3081 Zanker Road
San Jose, California 95134-2128

Telephone: (408) 456-4500
Fax: (408) 456-4501

Public Company
Incorporated: 1986
Employees: 8,200
Sales: $1.59 billion
Stock Exchanges: New York

Company History:

Conner Peripherals, Inc., the second-largest manufacturer of hard disk drives after Seagate Technology, has grown faster than any other company in United States history between 1986 and 1990. Conner Peripherals started business in 1986 after Finis F. Conner, a well-known computer entrepreneur, and John Squires, a former disk drive engineer at MiniScribe, Inc., agreed to create a new company to manufacture the compact hard disk drive that Squires had created.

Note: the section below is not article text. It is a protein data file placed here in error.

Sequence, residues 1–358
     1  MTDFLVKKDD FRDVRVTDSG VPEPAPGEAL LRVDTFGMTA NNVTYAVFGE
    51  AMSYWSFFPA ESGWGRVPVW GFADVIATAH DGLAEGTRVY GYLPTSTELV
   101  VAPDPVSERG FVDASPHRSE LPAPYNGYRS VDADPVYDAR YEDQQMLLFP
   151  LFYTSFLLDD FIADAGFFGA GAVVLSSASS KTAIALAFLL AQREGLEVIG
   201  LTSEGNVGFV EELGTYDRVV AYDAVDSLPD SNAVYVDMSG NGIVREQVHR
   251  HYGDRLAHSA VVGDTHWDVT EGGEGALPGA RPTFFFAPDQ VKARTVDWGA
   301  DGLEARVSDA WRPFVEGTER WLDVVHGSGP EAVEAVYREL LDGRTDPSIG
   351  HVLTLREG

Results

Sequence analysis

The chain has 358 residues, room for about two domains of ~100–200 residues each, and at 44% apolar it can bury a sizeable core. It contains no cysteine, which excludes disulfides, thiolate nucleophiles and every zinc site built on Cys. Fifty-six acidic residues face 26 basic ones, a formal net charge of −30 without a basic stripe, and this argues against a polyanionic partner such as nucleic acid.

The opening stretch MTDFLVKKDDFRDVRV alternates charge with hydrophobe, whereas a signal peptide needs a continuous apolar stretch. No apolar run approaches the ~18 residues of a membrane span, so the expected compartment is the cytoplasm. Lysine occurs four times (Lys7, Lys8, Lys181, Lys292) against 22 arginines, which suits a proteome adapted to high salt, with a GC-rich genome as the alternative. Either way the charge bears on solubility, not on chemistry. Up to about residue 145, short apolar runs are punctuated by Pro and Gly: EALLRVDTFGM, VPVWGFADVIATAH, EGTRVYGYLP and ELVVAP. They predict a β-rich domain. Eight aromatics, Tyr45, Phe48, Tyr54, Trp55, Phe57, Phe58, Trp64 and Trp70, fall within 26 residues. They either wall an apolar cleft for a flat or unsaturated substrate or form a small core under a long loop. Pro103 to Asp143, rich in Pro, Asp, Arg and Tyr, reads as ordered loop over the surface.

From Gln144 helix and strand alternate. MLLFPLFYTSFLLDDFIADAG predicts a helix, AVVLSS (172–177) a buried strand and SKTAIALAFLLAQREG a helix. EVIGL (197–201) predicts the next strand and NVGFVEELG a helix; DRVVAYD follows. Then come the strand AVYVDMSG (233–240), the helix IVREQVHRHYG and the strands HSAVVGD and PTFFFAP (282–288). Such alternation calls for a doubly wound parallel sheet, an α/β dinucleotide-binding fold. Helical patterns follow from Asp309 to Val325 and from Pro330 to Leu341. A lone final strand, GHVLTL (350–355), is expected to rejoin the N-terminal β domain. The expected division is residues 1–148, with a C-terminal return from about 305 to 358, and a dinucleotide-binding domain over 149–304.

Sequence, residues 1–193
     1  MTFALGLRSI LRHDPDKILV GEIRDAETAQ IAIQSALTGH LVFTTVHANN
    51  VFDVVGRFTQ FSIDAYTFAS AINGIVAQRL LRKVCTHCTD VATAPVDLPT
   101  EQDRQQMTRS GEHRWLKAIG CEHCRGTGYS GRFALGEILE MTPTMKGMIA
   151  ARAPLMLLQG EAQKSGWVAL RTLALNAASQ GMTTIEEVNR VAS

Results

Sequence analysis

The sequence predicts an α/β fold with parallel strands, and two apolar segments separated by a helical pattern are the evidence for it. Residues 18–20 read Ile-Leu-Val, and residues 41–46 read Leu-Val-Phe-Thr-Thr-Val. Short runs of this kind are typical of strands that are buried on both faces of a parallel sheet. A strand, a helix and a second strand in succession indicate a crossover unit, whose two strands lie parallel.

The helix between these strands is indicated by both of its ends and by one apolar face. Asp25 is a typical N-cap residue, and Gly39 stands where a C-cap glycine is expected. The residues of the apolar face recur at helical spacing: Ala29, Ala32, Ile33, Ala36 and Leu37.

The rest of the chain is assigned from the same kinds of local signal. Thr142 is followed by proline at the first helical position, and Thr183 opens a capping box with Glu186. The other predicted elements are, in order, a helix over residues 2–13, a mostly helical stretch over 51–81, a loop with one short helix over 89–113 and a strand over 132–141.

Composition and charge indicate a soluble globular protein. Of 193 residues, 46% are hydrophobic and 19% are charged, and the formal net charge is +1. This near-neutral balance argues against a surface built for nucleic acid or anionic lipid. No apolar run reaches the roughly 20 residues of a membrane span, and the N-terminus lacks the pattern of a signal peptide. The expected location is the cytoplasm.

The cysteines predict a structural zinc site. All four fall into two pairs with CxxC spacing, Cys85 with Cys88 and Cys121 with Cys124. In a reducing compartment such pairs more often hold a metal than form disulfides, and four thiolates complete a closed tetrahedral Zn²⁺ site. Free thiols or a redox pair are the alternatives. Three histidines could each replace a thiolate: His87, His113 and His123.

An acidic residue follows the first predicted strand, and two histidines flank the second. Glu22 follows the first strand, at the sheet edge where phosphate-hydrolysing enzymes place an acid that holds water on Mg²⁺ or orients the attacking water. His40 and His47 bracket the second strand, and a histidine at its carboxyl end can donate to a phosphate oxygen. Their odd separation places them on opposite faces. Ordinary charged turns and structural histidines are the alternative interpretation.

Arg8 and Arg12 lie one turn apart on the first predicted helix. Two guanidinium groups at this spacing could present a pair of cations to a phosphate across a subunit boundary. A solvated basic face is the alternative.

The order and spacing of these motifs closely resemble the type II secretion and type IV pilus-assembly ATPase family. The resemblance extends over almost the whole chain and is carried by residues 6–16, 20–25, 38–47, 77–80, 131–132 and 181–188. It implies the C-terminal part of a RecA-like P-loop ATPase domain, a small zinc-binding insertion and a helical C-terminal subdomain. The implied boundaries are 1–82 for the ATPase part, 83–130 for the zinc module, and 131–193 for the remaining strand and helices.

Conner, the son of an Alabama carpenter, started in the computer business in the 1970s as a salesman for Shugart Associates, an important but short-lived disk drive manufacturer. Although Shugart developed good products, the company suffered from poor marketing and production planning, and was eventually bought by Xerox Corp. Speculating that better storage and retrieval of large amounts of information would prove crucial as computers became more important in the workplace, Conner contacted Shugart's former head, Alan F. Shugart, and in 1979 they co-founded Seagate Technology to manufacture 5.25-inch hard disk drives for desktop computers. With the desktop computer revolution just beginning, Seagate's sales took off: by 1984 it had sales of $344 million and was the largest maker of hard disk drives. However, while Conner wanted to develop new, more innovative drives, Shugart and two other partners preferred to concentrate on selling the main disk drive; after months of fighting, Conner left Seagate, having made $15 million.